184 F3d 801 United States of America v. Roberto Villar

184 F.3d 801 (8th Cir. 1999)

United States of America, Appellee,
Roberto Villar, Appellant.

No. 98-3637

United States Court of Appeals FOR THE EIGHTH CIRCUIT

Submitted: May 11, 1999
Filed: August 24, 1999

Appeal from the United States District Court for the Eastern District of Arkansas.

Before WOLLMAN, Chief Judge, BEAM, and MURPHY, Circuit Judges.

WOLLMAN, Chief Judge.

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Roberto Villar appeals from his fifteen-year sentence for being a felon in possession of a firearm in violation of 18 U.S.C. 922(g)(1) and 924(e). We affirm.


On April 30, 1997, two law enforcement officers found a loaded .12 gauge sawed-off shotgun and several shotgun shells in Villar's residence. Villar later pleaded guilty to being a felon in possession of a firearm in violation of 18 U.S.C. 922(g)(1) and 924(e). Because he had at least three prior felony convictions, Villar was subject to the statutory minimum sentence of fifteen years' imprisonment under 18 U.S.C. 924(e).


The presentence report suggested an imprisonment range of 188 to 235 months based on an offense level of 31 and a category VI criminal history. Villar moved the district court1 for a downward departure pursuant to U.S.S.G. 4A1.3 prior to sentencing. The district court granted Villar's motion, finding that the criminal history over-represented the seriousness of Villar's past criminal conduct. In imposing the statutory minimum sentence, the district court stated that but for the required minimum sentence, it would have sentenced Villar to a shorter term of imprisonment. Villar contends on appeal that the district court erred when it imposed the statutory minimum sentence and, alternatively, that the fifteen year sentence constitutes cruel and unusual punishment.


Villar argues that the district court could have departed below the statutory minimum under 18 U.S.C. 3551(a), which states:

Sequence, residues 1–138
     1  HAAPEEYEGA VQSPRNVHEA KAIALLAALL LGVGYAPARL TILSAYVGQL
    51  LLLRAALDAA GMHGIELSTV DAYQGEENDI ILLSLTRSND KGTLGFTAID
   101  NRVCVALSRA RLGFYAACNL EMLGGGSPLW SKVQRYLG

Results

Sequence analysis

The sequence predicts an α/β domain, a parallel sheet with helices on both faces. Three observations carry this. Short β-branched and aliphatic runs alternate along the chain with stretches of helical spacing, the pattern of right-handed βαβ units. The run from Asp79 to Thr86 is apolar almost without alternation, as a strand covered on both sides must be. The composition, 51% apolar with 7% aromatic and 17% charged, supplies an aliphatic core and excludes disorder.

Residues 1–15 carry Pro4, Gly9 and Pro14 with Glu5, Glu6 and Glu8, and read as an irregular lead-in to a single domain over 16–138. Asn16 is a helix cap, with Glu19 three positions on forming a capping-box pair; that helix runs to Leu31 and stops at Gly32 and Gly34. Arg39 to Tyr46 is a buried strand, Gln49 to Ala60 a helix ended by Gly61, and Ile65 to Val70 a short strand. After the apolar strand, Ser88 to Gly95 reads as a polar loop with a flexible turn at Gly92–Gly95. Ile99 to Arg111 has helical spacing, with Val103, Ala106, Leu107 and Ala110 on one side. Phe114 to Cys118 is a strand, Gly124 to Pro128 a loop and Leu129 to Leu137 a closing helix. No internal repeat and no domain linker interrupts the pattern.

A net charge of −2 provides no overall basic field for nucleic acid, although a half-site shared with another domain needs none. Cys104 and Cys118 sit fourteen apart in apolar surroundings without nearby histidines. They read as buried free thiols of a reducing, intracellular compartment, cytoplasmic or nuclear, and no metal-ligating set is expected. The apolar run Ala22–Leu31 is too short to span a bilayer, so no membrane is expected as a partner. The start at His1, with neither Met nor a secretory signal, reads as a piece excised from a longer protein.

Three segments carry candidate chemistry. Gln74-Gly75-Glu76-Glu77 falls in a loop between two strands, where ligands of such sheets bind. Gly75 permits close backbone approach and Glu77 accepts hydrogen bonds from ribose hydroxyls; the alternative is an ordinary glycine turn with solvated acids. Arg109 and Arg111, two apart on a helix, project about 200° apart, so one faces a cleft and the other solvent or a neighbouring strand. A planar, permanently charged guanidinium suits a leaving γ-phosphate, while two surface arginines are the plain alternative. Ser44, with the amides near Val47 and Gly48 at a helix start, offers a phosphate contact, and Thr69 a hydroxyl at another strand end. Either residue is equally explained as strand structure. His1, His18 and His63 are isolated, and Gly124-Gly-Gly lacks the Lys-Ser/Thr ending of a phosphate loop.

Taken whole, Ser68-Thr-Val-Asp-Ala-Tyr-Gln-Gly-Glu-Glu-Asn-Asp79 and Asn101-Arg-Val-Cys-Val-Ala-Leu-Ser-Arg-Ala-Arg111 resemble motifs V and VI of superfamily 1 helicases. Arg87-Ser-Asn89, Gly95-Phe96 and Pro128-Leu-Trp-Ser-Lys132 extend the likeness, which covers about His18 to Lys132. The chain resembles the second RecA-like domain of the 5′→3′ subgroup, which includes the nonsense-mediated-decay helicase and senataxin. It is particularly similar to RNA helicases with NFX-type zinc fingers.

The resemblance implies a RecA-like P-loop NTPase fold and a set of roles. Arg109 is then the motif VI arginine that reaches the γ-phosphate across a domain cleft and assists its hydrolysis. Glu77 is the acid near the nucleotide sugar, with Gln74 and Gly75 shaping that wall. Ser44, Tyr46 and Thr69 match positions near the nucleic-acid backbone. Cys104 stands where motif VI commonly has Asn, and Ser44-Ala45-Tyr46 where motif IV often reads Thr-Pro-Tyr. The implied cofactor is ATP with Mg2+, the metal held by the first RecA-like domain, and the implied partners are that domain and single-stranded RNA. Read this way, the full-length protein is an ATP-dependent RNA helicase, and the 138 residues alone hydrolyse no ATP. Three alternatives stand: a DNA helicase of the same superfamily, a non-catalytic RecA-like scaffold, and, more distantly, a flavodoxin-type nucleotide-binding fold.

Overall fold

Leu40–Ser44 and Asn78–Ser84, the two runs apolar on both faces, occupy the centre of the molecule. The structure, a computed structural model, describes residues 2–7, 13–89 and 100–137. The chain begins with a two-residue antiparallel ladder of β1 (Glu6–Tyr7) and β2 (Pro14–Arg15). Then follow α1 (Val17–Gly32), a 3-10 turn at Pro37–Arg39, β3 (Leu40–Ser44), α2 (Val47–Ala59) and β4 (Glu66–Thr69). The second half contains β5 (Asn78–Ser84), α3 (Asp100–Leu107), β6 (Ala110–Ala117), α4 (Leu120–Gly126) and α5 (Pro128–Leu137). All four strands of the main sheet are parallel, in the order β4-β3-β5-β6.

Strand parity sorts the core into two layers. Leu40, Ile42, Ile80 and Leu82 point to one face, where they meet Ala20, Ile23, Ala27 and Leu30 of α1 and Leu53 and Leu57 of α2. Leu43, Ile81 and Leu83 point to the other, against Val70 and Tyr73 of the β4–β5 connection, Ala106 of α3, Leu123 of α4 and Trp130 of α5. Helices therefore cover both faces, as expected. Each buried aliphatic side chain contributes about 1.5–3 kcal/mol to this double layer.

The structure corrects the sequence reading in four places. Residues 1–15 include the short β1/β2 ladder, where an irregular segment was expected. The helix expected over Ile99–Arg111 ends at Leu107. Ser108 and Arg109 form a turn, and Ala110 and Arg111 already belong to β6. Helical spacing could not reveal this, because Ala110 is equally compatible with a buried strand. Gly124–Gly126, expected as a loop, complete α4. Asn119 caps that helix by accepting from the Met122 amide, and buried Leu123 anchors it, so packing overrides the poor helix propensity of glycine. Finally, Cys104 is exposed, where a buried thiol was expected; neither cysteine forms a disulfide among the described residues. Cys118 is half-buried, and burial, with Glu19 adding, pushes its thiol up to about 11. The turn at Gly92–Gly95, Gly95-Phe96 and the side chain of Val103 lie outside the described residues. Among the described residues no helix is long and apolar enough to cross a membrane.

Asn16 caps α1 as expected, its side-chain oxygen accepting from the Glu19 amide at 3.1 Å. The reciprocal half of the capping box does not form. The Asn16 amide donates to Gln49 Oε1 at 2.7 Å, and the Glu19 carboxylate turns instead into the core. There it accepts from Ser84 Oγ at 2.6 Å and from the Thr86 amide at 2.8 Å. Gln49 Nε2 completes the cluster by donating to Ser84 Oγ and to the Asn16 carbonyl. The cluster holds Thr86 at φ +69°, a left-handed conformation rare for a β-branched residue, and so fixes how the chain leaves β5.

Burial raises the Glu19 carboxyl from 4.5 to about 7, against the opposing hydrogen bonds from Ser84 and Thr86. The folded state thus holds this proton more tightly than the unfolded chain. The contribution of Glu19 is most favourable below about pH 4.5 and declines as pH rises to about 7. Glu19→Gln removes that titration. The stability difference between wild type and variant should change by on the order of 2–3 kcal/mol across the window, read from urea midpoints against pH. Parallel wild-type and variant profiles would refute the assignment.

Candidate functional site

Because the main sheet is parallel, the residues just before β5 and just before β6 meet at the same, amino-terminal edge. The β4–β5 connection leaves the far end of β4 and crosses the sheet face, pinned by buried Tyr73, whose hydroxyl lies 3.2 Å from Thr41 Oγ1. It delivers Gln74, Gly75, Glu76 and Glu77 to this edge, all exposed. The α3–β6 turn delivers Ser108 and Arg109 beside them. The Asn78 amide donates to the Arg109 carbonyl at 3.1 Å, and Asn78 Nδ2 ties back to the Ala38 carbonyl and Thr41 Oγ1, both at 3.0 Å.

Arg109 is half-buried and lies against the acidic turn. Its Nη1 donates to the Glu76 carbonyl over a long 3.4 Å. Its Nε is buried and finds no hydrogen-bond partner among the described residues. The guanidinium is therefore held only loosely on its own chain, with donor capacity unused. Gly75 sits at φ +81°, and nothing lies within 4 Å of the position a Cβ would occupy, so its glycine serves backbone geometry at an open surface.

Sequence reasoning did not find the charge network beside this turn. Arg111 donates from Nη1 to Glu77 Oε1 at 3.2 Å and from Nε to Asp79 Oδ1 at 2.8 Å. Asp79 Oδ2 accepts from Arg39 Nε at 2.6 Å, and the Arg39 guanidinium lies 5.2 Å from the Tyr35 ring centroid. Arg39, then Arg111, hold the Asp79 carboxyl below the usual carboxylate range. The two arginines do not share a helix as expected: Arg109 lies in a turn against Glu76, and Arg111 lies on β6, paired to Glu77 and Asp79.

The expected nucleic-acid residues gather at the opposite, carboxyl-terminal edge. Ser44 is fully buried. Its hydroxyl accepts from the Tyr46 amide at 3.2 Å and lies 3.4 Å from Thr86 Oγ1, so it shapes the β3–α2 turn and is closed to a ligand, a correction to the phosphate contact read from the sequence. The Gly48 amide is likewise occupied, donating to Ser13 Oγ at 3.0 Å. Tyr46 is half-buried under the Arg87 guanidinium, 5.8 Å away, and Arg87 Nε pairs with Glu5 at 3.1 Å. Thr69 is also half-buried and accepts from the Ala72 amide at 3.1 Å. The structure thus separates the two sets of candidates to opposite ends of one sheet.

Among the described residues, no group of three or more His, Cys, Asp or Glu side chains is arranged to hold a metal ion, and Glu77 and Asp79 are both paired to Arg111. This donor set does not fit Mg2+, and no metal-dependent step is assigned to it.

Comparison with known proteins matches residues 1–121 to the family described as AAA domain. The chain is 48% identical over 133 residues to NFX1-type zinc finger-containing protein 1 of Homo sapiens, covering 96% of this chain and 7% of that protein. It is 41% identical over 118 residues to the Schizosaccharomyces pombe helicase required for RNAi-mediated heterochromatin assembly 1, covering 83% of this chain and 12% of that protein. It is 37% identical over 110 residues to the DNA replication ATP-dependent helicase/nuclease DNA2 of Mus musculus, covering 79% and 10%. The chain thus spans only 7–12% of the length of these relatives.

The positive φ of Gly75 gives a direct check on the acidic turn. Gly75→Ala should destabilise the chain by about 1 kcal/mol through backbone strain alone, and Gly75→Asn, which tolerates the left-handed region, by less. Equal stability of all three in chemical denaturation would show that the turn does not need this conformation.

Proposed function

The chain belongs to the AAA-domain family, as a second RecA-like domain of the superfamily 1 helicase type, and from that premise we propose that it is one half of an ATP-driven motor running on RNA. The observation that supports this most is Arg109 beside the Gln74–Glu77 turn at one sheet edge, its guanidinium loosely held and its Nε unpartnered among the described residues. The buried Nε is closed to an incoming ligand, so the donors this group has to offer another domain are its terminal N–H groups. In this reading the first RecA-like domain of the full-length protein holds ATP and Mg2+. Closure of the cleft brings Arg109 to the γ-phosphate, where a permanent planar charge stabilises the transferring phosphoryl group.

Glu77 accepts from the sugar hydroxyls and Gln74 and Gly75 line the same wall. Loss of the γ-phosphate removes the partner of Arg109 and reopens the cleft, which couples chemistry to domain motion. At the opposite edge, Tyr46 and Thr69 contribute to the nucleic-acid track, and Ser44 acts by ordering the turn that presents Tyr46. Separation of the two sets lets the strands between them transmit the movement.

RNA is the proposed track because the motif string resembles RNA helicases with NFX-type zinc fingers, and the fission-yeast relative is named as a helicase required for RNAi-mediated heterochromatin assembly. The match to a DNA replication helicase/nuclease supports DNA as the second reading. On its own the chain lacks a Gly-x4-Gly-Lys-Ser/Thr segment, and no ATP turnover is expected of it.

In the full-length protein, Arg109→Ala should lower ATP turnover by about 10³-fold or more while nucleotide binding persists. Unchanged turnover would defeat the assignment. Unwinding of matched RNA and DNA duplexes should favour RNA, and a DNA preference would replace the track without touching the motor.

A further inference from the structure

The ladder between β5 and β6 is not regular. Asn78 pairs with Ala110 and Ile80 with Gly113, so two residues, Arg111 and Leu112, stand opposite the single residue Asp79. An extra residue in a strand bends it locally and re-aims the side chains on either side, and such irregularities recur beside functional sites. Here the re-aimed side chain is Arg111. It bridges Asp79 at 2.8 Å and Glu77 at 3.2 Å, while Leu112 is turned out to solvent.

Except as otherwise specifically provided, a defendant who has been found guilty of an offense described in any Federal statute . . . shall be sentenced in accordance with the provisions of this chapter so as to achieve the purposes set forth in subparagraphs (A) through (D) of section 3553(a)(2) to the extent that they are applicable in light of all the circumstances of the case.


Villar contends that the last sentence of section 3551(a) is ambiguous because it is unclear whether the pronoun "they" refers to "the purposes," "subparagraphs," or "the provisions of this chapter." This reading of the statute, however, ignores the first words, "except as otherwise specifically provided." 18 U.S.C. 924(e) specifically. provides for a fifteen-year mandatory minimum sentence for any convicted felon in possession of a firearm, and we have held that a sentencing court ordinarily may not depart below a statutory minimum. See United States v. Rudolph , 970 F.2d 467, 470 (8th Cir. 1992). The only authority for the district court to depart below the statutorily mandated minimum sentence is found in 18 U.S.C. 3553(e) and (f), which apply only when the government makes a motion for substantial assistance or when the defendant qualifies under the safety valve provision, neither of which conditions exists in Villar's case. See United States v. Rodriguez-Morales, 958 F.2d 1441, 1444 (8th Cir. 1992) (finding that the only authority to depart below a statutory minimum was section 3553(e)); Rudolph, 970 F.2d at 470 (same).


Although Villar argues that U.S.S.G. 4A1.3 authorizes a departure in his case, departure provisions under the Sentencing Guidelines do not permit a sentencing court to depart below a statutory minimum. See United States v. Polanco, 53 F.3d 893, 897 (8th Cir. 1995) (finding that U.S.S.G. 5K2.0 permitted a departure from the guideline range but not from the statutory minimum); Rodriguez-Morales, 958 F.2d at 1444 (holding that U.S.S.G. 5K1.1 did not provide for a departure below the statutory minimum sentence, only a departure below the guideline range).

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Villar's argument that a term of fifteen-years' imprisonment constitutes cruel and unusual punishment under the Eighth Amendment is foreclosed by our decision in Rudolph. See 970 F.2d at 470 (finding that the mandatory minimum sentence of fifteen years' imprisonment under section 924(e) does not violate the Eighth Amendment).


The judgment is affirmed.



The Honorable Susan Webber Wright, Chief Judge, United States District Court for the Eastern District of Arkansas.